She did fill her home with flowers in each of the rooms. She took the teakettle off the stove and brewed hot, strong, sweet tea to sip from a flowered Wedgewood teacup. Another gift, but this one from an old friend who had since died.
She filled the old clawfoot tub, took off her clothes, turned off the lights, lit a candle and slid into the warm bath. She listened to the rain on the old tin roof.
The candlelight lit the white petals of the fragrant peonies and Lenora’s spirit soared.
It was going to be okay. It was. She stood in the tub, turned and positioned herself in Namaste and bowed to the flowers. She whispered, “The spirit in me bows to the spirit in you.”
The year without a spring couldn’t kill the hope in Lenora’s heart. The year without a spring taught Lenora the power of resiliency. The year without a spring provoked Lenora to bloom and create beauty out of the mundane routines of a cold, rainy day.
Lenora, wrapped in her robe, wandered through her home visiting the flowers. She felt a quiet joy that replaced the sadness. Lenora, once again, was enjoying the season.
My name is Connie Kinsey. I’m a writer who lives in a converted barn in West Virginia. I’ve been there 32 years now.
I’ve put down deep roots in that old barn, but I grew up a nomadic military brat. I went to something like 5 different elementary schools. You get used to people coming and going when you’re a brat.
One of the people who came and went a lot was my dad. As an officer in the Marine Corps, he did four tours of Vietnam. Of course he had PTSD. He died almost two years ago and I’m still mourning him.
This story is about Vietnam. Sort of. The narrator could be me, but is not. The Marine captain in the story could be my dad, but he’s not. Fruitcake, the young marine in the story, is an amalgamation of teenage Marines I met at the skating rink. This story is fiction. Never happened.
But it could have.
I’ve titled it “Second Hand Smoke.”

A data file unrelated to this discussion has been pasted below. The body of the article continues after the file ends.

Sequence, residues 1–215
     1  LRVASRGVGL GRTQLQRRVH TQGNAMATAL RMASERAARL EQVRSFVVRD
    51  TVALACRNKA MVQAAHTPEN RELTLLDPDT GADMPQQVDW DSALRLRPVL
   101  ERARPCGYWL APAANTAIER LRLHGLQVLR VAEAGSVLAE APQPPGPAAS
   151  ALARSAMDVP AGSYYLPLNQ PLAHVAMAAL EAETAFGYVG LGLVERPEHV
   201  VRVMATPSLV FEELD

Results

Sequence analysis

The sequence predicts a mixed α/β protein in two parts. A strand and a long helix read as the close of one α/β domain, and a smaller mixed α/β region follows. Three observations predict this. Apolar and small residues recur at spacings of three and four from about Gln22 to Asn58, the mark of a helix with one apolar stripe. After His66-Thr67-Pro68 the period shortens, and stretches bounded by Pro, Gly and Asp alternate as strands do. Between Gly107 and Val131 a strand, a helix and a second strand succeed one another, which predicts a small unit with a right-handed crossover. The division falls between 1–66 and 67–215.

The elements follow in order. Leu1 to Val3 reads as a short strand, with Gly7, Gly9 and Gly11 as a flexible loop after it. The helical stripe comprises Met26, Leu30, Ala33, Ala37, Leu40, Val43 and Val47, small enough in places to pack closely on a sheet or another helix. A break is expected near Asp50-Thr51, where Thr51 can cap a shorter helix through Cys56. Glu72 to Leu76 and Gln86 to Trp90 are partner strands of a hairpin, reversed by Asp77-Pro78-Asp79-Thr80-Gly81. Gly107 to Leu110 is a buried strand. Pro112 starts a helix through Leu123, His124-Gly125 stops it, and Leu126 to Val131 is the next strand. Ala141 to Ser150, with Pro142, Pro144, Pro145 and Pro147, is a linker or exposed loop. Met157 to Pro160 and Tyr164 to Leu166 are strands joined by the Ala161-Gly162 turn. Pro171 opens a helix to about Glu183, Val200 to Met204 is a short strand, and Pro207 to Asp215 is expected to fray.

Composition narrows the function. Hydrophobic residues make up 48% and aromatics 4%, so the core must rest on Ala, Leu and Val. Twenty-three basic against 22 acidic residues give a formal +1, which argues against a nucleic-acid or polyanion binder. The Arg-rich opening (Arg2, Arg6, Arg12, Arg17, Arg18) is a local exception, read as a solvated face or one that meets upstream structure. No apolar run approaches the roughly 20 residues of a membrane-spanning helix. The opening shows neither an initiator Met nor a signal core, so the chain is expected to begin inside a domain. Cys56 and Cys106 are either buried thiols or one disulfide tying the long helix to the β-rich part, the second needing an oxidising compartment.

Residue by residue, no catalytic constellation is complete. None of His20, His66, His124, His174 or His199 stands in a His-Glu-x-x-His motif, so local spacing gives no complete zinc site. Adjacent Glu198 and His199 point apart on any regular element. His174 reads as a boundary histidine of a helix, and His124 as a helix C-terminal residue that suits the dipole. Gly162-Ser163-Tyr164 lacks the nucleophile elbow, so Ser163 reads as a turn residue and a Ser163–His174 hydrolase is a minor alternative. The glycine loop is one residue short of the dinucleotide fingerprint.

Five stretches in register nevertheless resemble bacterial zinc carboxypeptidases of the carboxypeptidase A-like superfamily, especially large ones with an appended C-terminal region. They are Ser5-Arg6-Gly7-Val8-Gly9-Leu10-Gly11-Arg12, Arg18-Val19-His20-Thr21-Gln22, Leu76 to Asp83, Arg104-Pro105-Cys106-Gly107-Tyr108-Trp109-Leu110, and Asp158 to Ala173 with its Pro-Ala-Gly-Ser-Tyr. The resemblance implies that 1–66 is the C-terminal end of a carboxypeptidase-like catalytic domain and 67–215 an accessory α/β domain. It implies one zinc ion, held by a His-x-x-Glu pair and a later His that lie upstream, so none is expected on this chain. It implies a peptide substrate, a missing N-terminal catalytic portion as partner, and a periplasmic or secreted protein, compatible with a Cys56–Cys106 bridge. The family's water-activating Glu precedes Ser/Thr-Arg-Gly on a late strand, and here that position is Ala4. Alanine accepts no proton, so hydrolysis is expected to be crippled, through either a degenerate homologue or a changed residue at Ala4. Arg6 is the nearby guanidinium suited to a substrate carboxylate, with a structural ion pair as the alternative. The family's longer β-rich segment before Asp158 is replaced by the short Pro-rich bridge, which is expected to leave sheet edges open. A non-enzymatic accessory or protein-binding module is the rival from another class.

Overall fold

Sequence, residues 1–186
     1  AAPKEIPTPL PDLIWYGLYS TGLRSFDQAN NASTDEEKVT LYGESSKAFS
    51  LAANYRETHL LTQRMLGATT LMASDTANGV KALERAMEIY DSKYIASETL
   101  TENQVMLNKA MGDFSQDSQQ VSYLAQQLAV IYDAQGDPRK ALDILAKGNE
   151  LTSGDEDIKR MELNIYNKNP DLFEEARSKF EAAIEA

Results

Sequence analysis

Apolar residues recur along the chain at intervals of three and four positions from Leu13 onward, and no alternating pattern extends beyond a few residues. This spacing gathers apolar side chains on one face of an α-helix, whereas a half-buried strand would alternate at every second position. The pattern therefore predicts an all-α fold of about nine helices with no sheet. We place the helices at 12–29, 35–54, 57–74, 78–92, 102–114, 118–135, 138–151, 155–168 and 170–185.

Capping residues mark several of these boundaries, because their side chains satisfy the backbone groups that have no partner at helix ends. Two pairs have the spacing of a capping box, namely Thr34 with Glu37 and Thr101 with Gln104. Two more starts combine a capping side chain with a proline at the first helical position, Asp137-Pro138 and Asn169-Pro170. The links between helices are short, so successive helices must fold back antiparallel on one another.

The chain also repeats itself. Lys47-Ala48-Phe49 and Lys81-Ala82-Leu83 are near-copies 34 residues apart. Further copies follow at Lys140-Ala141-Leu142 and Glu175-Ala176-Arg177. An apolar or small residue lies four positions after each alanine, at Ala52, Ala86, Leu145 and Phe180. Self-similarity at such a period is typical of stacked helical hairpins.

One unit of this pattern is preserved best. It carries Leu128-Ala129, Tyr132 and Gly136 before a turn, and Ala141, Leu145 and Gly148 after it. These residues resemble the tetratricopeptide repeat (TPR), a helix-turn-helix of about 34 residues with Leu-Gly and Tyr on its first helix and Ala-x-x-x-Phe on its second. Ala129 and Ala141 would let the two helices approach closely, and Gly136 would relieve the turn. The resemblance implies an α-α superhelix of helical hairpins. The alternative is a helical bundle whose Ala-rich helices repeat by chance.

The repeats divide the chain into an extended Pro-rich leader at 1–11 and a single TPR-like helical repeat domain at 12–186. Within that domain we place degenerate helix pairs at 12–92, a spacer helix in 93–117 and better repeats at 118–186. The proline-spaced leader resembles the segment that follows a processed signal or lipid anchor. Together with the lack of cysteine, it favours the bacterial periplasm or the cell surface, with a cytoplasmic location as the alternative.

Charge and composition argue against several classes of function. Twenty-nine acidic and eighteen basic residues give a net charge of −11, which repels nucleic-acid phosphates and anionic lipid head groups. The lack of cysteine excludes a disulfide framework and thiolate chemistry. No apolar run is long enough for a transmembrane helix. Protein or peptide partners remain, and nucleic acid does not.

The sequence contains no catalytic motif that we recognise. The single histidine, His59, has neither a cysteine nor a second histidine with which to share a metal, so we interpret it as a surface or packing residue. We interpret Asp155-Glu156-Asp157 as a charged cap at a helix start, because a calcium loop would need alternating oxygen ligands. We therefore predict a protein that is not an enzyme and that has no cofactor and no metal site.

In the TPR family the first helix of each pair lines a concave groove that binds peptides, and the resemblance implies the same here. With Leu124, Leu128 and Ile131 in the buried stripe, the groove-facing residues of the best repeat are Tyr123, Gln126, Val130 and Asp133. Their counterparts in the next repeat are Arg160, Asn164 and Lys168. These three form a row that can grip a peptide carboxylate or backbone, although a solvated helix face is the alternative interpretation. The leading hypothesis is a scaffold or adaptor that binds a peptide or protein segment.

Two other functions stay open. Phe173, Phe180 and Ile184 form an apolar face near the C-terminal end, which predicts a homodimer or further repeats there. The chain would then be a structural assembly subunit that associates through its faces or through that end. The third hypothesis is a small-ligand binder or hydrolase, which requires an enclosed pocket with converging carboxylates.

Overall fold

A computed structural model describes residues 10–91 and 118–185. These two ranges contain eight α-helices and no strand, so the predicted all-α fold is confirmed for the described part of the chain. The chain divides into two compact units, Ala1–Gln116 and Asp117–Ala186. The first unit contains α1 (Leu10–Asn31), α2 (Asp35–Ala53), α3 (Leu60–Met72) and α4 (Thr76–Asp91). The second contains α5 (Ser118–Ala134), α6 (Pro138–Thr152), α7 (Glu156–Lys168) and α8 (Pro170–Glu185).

Second Hand Smoke
Damn. I like men. I have always liked men. I was a certified daddy’s girl. My daddy was the best man of all, he was pretty tickled with me, and I just assumed that most men were more likely than not to be like him.
My mama tells a story about the time I was three years-old and hospitalized for bronchitis. I can’t remember, but to hear her tell it I couldn’t wait for visiting hours to be over because that’s when the Corpsmen would sit inside my oxygen tent and play Pocahontas Indian Princess with me. In those days, even parents had to observe visiting hours. Mama shakes her head now when she remembers how it never ever entered her head to fuss about that.
So anyway, I like men a lot. That whole Indian princess thing must have stuck with me even if the memory of the hospital didn’t. Now, I’m not anymore Indian than I am anything else, but I look more Indian than I do anything else. Everybody thinks my green eyes come from my mama’s Irish people, but the only kin I have with green eyes come from my daddy’s side – the same side that produced the genuine, 100-proof, Cherokee grandma. Of course, nobody talked about Mawmaw being Cherokee until Indian got to be cool sometime in the late sixties.
A couple of years later, I was fourteen looking twenty and living in a town with forty thousand Marines — most of them still teenagers and either fretting about going to ‘Nam or about what happened there.